As a faculty member who typically teaches upper-level Biomedical Engineering courses, Professor Moore finds that his engagement with the Honors students from these courses and Weatherhead looks very different than it does with the traditional student he teaches. He finds it “fun and challenging” to work with these students who come from so many different intellectual backgrounds. Professor Moore says this experience “interacting with people outside of your niche… forces you to have a slightly different perspective” and “to use empathy in ways that you don’t usually have to.” Moore says that these challenges “keep [him] honest” and “help [him] to stay human,” which is important as a professor in an environment where you are engaging in your own research, teaching the same classes again and again, and sometimes “forgetting that not everyone has a PhD in Biomedical Engineering.” By meeting the students at their unique locations within their own intellectual and personal development, Professor Moore “remember[s] that not everyone thinks the same way, has the same background or same experiences.”

By working outside of the traditional professorial role as a faculty-in-residence and as a Colloquium instructor for younger students, Professor Moore has added a great deal to the Honors Program. His approach of meeting students where they are has aptly informed his creation of a welcoming, inclusive environment both in the classroom and in the residence halls. Though this marks the end of his five years in Weatherhead, we look forward to seeing how he continues to cultivate connections with students and how the next faculty-in-residence builds on Moore’s history of relevant and engaging programs.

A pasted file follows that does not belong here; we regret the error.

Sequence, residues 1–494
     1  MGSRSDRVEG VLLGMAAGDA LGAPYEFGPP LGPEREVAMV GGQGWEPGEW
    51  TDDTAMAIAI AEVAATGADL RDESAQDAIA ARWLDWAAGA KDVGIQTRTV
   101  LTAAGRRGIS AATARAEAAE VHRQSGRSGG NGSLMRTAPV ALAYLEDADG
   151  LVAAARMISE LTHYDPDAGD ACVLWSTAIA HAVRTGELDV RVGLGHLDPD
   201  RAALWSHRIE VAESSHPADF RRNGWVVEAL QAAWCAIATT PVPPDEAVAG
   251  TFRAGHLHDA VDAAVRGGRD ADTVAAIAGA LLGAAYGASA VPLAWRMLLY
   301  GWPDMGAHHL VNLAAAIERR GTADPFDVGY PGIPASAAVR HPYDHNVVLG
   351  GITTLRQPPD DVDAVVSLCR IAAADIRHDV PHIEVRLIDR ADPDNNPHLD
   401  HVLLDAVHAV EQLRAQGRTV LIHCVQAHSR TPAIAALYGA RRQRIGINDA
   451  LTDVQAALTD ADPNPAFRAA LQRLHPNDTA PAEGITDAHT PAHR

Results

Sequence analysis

All faculty interviewed recommend a book they find compelling and important.

Professor Moore’s reading recommendation for the general Honors student population is Thomas Kuhn’s Structure of Scientific Revolutions, which many students read in Colloquium courses their first year. Moore recommends this because Kuhn was a “philosopher that had a science background” and “could see what a lot of other scientists never saw by studying the history of science.” Kuhn deconstructs the idea that science is an infallible force, supposing instead that it is “a social construct at the end of the day… a process and a function of human beings.” Moore thinks students need to be exposed to those ideas, despite the “dated and lofty” language.

Professor Moore also had two bonus book recommendations: Richard Feynman’s Surely You’re Joking Mr. Feynman! and The Reason for God by Timothy Keller. He enjoys Feynman’s autobiography for the funny stories told by a quirky man, and he was fascinated by Keller’s book on “belief in an age of skepticism” as a person of faith who cares about rationalism and science.